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Before we blow the shofar on Rosh Hashanah, we recite Psalm 47, which includes the words “G‑d shall be exalted with the blast; the L‑rd, with the sound of the shofar.” The psalm concludes with the words “The volunteers of the peoples have assembled, the people of the G‑d of Abraham . . .”

Another psalm in which the shofar figures prominently is Psalm 81, which is part of the Rosh Hashanah Musaf service. Following the words “Sound the shofar on the New Moon, on the appointed time for the day of our festival,” we read, “For it is a statute for Israel, the judgment of the G‑d of Jacob, as a testimony for Joseph . . .”

These two psalms associate the blowing of the shofar with our forefathers Abraham, Jacob (also known as Israel) and Joseph.

It is appropriate that these three great men are associated with the shofar. After all, Rabbi Eliezer1 teaches that both Abraham and Jacob were born in the month of Tishrei, and Joseph was released from Pharaoh’s prison on Rosh Hashanah itself.2

Who is conspicuously missing from this list? Isaac, the son of Abraham and the father of Jacob. In addition to not being mentioned in the shofar-related verses above, the Talmud tells us that, unlike his father and his son, he was not born at this time of year, but in the Passover season.

And yet, we know that Isaac has a strong connection to Rosh Hashanah. In fact, the Torah readings of the day center around his miraculous birth and his near-death upon Mt. Moriah. So why is he absent in the verses from Psalms? And why was he not born at this time of year like his father and son?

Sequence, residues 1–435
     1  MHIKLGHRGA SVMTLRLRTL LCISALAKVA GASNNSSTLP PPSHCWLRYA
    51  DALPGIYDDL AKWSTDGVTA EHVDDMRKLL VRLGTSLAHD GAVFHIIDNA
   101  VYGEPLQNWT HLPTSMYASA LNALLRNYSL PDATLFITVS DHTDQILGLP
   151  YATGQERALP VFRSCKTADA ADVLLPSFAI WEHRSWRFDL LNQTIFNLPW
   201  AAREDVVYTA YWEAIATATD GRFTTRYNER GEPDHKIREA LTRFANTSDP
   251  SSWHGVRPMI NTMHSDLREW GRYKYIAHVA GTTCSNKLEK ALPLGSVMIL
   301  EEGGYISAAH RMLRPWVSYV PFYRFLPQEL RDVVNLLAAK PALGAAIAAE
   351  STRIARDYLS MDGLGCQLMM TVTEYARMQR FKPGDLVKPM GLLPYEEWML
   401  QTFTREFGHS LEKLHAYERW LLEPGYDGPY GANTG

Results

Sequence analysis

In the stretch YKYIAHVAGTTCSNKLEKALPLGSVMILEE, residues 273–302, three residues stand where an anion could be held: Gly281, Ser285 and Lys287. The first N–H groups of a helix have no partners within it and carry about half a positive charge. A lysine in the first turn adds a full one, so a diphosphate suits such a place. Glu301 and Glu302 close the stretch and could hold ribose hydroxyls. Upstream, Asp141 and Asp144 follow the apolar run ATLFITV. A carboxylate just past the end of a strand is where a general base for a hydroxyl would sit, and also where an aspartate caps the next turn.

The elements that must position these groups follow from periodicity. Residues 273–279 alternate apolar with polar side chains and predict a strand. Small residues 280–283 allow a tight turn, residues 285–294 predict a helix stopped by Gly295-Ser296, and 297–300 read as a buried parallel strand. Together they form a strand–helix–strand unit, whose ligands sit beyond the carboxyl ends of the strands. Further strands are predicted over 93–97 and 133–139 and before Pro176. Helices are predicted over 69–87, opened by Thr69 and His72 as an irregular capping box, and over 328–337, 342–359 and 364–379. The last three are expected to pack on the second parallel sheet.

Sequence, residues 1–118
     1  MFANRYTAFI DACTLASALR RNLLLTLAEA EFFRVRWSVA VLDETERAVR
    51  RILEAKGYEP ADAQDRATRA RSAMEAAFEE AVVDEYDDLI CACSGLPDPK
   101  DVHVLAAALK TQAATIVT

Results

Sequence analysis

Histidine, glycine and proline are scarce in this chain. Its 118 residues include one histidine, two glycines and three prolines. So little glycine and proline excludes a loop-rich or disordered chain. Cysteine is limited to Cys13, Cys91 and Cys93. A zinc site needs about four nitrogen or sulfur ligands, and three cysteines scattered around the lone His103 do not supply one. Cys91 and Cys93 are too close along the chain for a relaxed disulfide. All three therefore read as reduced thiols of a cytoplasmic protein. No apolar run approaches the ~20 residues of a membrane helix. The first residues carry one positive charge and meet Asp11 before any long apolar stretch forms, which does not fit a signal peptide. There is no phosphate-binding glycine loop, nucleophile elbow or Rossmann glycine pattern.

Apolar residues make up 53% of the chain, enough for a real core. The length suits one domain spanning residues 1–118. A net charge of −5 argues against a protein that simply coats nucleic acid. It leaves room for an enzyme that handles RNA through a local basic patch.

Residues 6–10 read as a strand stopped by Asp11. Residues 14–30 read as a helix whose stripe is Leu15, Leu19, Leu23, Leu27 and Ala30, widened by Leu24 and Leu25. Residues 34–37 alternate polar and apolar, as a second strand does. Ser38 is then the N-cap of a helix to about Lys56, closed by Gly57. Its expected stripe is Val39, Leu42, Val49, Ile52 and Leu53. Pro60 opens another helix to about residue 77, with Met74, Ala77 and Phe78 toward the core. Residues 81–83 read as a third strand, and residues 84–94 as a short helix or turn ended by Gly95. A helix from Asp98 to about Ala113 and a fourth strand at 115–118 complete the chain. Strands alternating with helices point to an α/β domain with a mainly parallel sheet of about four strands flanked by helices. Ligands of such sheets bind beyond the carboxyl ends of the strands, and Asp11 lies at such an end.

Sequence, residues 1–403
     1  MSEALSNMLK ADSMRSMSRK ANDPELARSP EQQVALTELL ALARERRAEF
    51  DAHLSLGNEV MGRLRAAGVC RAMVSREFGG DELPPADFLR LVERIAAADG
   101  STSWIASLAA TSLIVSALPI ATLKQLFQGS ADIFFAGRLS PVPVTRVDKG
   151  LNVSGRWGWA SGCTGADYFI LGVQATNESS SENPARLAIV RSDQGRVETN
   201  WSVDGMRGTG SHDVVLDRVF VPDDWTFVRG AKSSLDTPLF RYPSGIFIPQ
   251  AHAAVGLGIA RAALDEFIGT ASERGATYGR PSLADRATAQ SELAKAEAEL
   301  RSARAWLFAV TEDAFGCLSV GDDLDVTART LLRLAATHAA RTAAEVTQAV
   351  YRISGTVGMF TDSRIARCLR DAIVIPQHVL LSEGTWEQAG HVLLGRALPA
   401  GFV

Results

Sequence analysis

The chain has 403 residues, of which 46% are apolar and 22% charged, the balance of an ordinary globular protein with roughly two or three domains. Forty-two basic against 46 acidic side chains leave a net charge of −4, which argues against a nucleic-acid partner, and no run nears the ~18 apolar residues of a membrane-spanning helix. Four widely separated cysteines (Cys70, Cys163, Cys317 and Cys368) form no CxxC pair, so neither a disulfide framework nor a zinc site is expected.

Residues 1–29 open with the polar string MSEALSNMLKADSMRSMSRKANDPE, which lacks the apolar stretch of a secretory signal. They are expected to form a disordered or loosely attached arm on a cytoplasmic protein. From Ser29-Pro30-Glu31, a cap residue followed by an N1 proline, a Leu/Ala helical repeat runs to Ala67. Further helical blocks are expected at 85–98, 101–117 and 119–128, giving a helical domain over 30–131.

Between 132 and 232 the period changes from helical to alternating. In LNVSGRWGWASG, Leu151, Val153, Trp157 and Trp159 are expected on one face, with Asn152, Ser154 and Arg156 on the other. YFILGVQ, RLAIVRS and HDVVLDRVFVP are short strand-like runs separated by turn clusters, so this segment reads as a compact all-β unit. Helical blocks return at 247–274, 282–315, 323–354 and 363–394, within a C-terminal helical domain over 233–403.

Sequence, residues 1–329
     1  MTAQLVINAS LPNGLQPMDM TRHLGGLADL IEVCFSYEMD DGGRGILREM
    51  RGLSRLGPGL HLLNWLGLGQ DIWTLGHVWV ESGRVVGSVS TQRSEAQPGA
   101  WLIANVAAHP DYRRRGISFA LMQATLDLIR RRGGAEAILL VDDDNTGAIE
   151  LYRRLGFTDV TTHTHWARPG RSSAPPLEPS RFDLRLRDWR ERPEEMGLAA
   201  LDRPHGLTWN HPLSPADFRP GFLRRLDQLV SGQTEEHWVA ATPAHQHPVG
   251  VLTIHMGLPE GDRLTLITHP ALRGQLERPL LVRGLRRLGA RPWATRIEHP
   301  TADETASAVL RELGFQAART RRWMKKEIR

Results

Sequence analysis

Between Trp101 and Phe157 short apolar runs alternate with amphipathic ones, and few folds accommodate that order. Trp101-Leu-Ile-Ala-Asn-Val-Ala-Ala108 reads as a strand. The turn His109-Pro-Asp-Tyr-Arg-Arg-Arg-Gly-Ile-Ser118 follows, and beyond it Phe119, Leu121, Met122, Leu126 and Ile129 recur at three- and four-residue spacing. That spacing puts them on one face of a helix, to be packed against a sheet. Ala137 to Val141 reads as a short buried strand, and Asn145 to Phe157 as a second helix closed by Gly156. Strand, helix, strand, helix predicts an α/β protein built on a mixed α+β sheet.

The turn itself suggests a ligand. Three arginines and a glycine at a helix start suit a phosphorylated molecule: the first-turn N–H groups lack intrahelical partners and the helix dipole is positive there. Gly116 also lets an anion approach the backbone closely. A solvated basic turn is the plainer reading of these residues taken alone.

Rabbi Levi Yitzchak Schneerson explains as follows:

The Kabbalists associate Isaac with the attribute of gevurah (translated as “strength” and “severity”). If he were to have been born during this time of judgement, there would be too much severity and no room for clemency.

But although Isaac was not born during this time, he is still represented on Rosh Hashanah by the shofar. The shofar, which is usually a ram’s horn, is reminiscent of the ram that appeared just as Abraham was about to sacrifice Isaac upon the altar. This ram then substituted for Isaac as Abraham’s sacrifice. On Rosh Hashanah, the plaintive call of the shofar acts to sweeten the severity of G‑d’s judgment and draw divine kindness and life upon all of creation on this Day of Judgement.

Isaac is the quintessence of Rosh Hashanah.

This notion is reflected in the following gematria (numerical value): The name Abraham equals 248, Jacob is 182, and Joseph is 156. When you add them together, you have 586—the numerical value of the word shofar, which represents Isaac.

Footnotes
1.
Talmud, Rosh Hashanah 10b.
2.
Talmud, Rosh Hashanah 11a.
Rabbi Levi Yitzchak Schneerson (1878–1944) was a mystic and scholar who wrote commentaries on the most esoteric texts. As rabbi of a major Ukrainian city, he struggled valiantly to strengthen Judaism, in spite of Soviet persecution.
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